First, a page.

If you have never done Judo before, I would suggest that you go out, find a dojo and try a few classes. Ask the instructor to spar with you. He or she will probably go easy on you, but I suspect that you will find out very quickly that as soon as a Judo player gets their hands on you, if you have no equivalent standing grappling training, you are pretty much done for.
There are several aspects to a fight:
- The person or persons your are facing;
- The fact that they are armed or not, or have martial arts skills;
- The environment factor (obstacles, debris on the floor, etc).
- I will assume the intensity of the confrontation is a factor too. There is a difference between a few pushes and an attempt on your life.
In the event of an aggression, pretty much, you won’t be able to control any of these variables. In these circumstances, the outcome is extremelly unpredictable and makes a street fight a particulary bad place to start learning self defence. I think we can all agree on that.
On the other hand, all martial arts systems reduce the unpredictability of a real fight situation by managing the different variables in a more or less realistic way.
- Environment: Starting with the practice area, you will find that most if not all systems, use wide open spaces with flat surfaces, even special flooring to cushion falls, such as Judo.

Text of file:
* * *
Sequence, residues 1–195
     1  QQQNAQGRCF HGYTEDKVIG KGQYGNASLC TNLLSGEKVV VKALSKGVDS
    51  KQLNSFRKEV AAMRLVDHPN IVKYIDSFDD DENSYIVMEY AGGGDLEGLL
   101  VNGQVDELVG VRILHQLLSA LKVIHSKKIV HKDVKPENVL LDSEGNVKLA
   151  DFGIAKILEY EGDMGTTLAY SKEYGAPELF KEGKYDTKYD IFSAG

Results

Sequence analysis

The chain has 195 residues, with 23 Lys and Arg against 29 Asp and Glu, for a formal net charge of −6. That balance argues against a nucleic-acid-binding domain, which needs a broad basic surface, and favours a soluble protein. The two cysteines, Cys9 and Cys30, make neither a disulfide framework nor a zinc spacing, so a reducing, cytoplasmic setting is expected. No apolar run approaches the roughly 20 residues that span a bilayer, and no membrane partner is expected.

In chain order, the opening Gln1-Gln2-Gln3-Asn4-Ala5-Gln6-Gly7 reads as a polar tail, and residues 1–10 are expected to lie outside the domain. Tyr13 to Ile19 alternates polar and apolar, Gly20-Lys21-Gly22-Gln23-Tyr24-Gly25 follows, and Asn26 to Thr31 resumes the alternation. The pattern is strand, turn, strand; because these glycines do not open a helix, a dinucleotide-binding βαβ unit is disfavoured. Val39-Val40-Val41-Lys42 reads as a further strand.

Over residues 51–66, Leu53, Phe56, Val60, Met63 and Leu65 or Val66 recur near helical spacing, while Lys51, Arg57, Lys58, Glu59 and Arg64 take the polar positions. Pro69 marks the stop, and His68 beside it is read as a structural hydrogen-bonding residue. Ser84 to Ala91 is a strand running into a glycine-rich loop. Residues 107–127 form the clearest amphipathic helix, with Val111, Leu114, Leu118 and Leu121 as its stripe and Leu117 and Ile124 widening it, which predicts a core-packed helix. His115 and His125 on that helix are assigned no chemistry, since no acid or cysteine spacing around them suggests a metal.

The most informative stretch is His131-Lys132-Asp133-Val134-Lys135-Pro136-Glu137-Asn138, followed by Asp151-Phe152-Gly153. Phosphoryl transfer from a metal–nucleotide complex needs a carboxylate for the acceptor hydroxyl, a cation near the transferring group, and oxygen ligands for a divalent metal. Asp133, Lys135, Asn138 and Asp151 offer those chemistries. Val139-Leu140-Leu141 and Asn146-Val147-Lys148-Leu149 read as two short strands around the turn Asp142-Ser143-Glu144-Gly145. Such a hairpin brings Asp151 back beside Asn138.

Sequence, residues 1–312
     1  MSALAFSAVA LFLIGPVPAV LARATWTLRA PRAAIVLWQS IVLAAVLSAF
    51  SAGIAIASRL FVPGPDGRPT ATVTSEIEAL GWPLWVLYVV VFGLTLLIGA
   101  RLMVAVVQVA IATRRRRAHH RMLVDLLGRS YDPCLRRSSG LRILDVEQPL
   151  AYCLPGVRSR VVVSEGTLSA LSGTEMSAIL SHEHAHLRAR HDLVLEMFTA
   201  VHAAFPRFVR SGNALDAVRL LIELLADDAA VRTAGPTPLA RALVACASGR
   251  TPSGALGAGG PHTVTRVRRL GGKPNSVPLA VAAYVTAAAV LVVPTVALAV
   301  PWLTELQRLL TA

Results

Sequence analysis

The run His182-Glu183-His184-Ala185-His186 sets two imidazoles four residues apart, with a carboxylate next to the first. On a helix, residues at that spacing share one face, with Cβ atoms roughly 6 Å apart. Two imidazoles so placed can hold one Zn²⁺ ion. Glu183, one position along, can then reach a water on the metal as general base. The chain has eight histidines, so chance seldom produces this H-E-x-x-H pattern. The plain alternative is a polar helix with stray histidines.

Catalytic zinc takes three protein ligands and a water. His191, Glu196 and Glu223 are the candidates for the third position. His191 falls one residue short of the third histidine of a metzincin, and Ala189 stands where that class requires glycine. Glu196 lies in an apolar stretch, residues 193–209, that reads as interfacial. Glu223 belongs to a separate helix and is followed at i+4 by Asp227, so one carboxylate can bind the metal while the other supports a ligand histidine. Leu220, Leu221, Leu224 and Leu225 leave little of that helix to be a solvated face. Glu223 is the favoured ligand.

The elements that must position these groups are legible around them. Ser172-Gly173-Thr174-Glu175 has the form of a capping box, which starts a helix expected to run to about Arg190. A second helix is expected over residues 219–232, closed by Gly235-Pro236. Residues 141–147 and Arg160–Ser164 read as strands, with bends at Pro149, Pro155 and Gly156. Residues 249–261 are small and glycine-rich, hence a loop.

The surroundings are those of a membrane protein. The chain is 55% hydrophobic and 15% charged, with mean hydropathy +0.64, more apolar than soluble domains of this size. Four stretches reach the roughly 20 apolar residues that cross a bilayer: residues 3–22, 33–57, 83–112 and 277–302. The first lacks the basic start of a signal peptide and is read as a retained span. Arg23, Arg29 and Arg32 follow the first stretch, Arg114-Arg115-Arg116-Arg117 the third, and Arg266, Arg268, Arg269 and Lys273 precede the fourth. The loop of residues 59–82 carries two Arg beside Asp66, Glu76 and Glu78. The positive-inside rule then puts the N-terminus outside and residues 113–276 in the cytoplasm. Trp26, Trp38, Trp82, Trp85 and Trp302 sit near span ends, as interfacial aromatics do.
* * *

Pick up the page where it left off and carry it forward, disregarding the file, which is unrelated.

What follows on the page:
- Physical confrontation: In Judo, only one opponent at a time. In randori (free practice) only unarmed grappling is practiced. Free practice itself can be modulated in intensity, degree of cooperation, situational drilling, etc.
- Fighting proffiency of opponents: In judo and other ranked systems, levels of profficiency are graded by the belt system. I find it’s a very good way of protecting inexperienced players.
- Physical and Psychological pressure/stress: Drilling, free practice and competition are important tools in learning to deal with the intense physical and psychological pressure of an attack. Try sparring at high intensity levels with a good judoka for 5 minutes and you’ll know what I’m talking about. And competition is 10x worse!
On this last point, think about those animal wildlife documentaries with animals being rundown by a predator or group or predators. At some point of the chase, either the predator will give up or the prey will get caught. Sometimes, you will see the prey just give up. The lion or whatever hasn’t caught up to it yet, but the zebra just gives up from pure exhaustion. And gets eaten.
This happens in Judo grappling too, a lot. Some opponents will just put so much pressure on you, grind you down until you just WANT to give up. You’ll want to take the throw, accept the guard pass, the hold down or the submission just to get it over with. Getting to know yourself and deal with these situations is also very very important in learning how to confront a situation on the street.
Most situational self defense drilling systems just can’t replicate this kind of pressure, because the techniques they teach don’t translate to a free practice format. And believe me, there is a huge difference between drilling a technique and actually trying to fight off someone that’s looking to really take you down and submit you.
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